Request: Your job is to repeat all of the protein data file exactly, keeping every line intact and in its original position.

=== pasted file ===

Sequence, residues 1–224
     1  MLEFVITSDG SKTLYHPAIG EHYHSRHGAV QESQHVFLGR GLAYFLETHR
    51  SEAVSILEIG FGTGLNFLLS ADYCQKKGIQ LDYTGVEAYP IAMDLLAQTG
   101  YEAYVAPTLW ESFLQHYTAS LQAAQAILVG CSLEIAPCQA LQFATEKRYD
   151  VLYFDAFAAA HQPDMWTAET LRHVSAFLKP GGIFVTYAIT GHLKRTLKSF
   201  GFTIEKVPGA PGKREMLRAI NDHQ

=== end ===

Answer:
Sequence, residues 1–224
     1  MLEFVITSDG SKTLYHPAIG EHYHSRHGAV QESQHVFLGR GLAYFLETHR
    51  SEAVSILEIG FGTGLNFLLS ADYCQKKGIQ LDYTGVEAYP IAMDLLAQTG
   101  YEAYVAPTLW ESFLQHYTAS LQAAQAILVG CSLEIAPCQA LQFATEKRYD
   151  VLYFDAFAAA HQPDMWTAET LRHVSAFLKP GGIFVTYAIT GHLKRTLKSF
   201  GFTIEKVPGA PGKREMLRAI NDHQ